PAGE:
Leo Amino—born in Taiwan in 1911 where his father was an agricultural consultant for the Japanese government—was reared in Tokyo. In 1929, he immigrated to the United States and studied at San Mateo Junior College in California for two years and, later, at New York University. He remained in New York to work for a Japanese wood importing firm and took home ebony samples to carve. Although he had received no formal art training, his interest in sculpture grew rapidly and, in 1937, he studied briefly at the American Artists School with Chaim Gross, a leading proponent of direct carving.
Direct carving in wood or stone emphasizes properties of the material. The unique and distinctive patterns of veining, grain and color result in simplified sculptural forms and smooth geometrical outlines which harmonize with Amino’s native sensibilities.
His work was exhibited at the 1939 World’s Fair and he was given his first solo exhibition in 1940. Since then, he has shown almost continuously in commercial galleries and museums. In 1947 and 1950, he taught at the renowned Black Mountain College in North Carolina.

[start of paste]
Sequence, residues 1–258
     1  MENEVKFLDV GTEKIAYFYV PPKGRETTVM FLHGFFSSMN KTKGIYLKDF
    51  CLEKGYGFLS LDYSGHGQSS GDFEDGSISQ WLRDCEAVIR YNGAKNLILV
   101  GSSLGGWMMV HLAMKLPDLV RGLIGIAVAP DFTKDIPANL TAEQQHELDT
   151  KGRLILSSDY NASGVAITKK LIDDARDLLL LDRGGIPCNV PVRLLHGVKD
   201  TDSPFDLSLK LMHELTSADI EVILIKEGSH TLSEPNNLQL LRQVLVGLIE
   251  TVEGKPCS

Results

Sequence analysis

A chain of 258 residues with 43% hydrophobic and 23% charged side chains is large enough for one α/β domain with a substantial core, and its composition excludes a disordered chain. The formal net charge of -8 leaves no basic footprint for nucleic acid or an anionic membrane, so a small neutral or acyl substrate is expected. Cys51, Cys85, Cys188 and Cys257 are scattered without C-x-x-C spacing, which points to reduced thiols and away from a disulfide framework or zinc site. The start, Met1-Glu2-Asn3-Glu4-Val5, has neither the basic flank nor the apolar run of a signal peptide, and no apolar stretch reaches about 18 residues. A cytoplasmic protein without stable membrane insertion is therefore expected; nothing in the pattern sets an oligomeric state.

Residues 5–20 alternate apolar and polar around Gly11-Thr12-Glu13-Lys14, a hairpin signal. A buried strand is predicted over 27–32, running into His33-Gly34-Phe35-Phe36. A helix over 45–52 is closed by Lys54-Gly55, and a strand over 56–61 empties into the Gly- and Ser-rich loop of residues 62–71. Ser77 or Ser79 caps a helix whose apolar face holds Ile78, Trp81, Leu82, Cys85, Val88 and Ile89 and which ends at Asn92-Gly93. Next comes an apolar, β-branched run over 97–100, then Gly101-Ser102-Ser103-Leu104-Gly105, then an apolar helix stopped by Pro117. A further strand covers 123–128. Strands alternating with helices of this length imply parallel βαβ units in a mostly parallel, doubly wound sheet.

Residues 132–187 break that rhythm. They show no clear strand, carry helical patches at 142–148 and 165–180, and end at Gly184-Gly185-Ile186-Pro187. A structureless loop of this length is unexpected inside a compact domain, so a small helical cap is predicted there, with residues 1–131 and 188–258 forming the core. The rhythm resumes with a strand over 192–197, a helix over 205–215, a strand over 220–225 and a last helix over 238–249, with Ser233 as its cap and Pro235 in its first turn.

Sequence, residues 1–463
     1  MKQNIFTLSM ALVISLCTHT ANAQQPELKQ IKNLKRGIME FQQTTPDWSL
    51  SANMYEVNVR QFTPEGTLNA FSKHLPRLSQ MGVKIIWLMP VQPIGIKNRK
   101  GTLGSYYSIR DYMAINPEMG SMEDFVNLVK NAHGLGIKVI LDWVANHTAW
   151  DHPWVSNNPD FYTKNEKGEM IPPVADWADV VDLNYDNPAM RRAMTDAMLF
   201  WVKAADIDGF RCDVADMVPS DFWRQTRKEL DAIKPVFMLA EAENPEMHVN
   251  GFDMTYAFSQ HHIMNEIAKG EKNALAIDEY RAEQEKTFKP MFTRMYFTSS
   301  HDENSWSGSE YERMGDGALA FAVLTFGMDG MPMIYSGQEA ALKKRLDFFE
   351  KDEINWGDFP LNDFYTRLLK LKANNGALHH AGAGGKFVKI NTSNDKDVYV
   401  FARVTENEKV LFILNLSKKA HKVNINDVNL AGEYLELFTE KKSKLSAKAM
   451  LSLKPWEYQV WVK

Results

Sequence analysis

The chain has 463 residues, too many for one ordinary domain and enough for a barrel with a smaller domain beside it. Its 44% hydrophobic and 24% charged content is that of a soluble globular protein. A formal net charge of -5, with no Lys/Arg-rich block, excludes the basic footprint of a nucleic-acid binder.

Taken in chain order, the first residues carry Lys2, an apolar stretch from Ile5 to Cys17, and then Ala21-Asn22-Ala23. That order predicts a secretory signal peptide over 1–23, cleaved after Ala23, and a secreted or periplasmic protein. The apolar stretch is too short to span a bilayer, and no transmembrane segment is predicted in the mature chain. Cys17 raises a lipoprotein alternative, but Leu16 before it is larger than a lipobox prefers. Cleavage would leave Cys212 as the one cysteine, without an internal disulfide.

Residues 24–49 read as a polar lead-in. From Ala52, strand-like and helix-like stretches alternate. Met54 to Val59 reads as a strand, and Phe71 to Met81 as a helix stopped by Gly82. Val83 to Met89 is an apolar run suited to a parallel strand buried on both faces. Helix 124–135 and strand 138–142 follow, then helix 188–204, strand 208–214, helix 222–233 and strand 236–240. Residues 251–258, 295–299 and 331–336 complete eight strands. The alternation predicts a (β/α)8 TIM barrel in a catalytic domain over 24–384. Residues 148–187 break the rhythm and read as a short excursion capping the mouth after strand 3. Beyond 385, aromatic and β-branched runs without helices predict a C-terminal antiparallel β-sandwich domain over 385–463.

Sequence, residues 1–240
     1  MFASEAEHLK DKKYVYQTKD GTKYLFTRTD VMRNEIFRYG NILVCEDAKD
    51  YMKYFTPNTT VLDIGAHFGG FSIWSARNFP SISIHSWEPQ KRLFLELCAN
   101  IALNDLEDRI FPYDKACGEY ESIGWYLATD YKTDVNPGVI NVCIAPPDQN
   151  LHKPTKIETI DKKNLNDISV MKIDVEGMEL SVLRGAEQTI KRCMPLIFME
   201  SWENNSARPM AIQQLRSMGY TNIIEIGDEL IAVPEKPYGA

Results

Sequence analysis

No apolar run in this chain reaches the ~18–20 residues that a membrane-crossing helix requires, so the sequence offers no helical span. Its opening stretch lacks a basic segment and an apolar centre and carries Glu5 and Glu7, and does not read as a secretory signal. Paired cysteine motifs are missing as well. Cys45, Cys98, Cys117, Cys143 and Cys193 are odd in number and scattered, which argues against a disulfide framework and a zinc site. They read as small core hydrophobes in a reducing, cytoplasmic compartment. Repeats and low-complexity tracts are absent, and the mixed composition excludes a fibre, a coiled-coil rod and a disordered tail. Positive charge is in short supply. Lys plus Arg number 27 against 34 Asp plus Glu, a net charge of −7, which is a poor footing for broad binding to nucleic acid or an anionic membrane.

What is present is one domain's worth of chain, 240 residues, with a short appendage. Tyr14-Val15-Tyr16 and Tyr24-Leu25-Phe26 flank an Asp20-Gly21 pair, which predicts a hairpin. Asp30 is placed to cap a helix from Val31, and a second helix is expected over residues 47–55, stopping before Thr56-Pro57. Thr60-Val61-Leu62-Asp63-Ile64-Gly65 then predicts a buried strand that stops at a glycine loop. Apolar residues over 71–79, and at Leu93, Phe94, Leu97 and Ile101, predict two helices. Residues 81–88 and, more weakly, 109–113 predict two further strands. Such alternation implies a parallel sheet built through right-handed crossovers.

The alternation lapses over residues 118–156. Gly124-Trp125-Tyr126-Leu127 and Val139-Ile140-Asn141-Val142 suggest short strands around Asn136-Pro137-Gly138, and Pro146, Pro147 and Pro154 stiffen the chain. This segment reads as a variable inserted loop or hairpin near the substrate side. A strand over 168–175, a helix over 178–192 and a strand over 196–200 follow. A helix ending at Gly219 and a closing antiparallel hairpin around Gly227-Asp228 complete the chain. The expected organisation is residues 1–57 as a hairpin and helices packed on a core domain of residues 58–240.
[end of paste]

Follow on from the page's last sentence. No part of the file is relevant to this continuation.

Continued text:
Amino taught at Cooper Union from 1952 until 1977 and, during that period, he continued to experiment.
“Recent Acquisition.” National Museum of American Art Calendar of Events (Washington, D.C.: National Museum of American Art, Smithsonian Institution, October 1987)
Leo Amino was born in Taiwan and grew up in Tokyo. After moving to the United States in 1929, he studied direct carving, a technique that emphasizes the marks of the tools and the patterns in the wood or stone. Amino wanted to incorporate more color into his pieces, and he experimented with various methods, including painting wood, mixing pigments with plaster, and carving pieces of colored polystyrene. In 1948 he pioneered the technique of casting polyester resin, allowing him to apply color and texture directly between the transparent layers of his sculptures.